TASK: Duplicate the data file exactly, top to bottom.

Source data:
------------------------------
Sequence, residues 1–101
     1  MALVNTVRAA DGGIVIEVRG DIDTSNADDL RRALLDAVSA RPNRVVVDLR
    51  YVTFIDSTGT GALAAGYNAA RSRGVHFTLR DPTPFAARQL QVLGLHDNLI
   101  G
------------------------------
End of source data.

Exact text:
Sequence, residues 1–101
     1  MALVNTVRAA DGGIVIEVRG DIDTSNADDL RRALLDAVSA RPNRVVVDLR
    51  YVTFIDSTGT GALAAGYNAA RSRGVHFTLR DPTPFAARQL QVLGLHDNLI
   101  G